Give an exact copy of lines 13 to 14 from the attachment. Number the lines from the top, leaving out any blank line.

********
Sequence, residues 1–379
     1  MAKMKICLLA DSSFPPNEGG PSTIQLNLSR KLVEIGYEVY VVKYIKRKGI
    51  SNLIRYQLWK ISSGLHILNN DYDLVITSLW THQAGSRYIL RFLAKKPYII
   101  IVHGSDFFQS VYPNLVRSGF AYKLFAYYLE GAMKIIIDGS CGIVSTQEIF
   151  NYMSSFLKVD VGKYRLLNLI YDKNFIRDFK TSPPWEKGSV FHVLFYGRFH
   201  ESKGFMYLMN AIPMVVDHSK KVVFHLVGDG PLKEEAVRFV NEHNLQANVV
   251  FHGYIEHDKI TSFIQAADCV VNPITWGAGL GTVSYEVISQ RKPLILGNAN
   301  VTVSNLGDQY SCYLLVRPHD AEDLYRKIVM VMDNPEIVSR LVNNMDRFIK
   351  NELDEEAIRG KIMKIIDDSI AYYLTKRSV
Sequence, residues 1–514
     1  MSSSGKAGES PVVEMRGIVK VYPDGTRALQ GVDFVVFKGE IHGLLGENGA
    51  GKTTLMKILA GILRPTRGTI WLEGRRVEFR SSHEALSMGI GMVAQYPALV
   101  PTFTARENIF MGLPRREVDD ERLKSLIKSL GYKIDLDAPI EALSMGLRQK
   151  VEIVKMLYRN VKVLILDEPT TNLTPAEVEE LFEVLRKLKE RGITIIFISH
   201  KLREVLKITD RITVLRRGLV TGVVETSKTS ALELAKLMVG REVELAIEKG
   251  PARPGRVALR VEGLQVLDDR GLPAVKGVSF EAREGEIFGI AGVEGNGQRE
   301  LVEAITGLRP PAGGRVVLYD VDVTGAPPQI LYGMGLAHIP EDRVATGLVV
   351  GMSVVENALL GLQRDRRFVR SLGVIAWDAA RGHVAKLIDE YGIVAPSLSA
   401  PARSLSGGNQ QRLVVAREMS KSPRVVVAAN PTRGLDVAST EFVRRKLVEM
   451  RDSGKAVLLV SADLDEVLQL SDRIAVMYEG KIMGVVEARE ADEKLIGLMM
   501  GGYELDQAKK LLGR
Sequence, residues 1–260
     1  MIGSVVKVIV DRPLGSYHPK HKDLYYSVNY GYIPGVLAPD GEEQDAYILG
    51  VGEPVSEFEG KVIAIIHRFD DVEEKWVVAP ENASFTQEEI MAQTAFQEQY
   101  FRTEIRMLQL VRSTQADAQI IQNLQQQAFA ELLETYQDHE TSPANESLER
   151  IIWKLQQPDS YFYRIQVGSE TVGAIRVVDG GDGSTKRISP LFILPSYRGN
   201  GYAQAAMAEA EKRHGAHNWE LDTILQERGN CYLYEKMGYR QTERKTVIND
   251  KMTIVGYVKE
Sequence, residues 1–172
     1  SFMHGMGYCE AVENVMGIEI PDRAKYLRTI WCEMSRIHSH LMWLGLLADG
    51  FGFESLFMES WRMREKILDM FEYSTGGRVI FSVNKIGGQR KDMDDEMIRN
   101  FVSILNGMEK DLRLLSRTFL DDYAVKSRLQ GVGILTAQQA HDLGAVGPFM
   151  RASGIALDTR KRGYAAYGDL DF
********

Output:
   101  PTFTARENIF MGLPRREVDD ERLKSLIKSL GYKIDLDAPI EALSMGLRQK
   151  VEIVKMLYRN VKVLILDEPT TNLTPAEVEE LFEVLRKLKE RGITIIFISH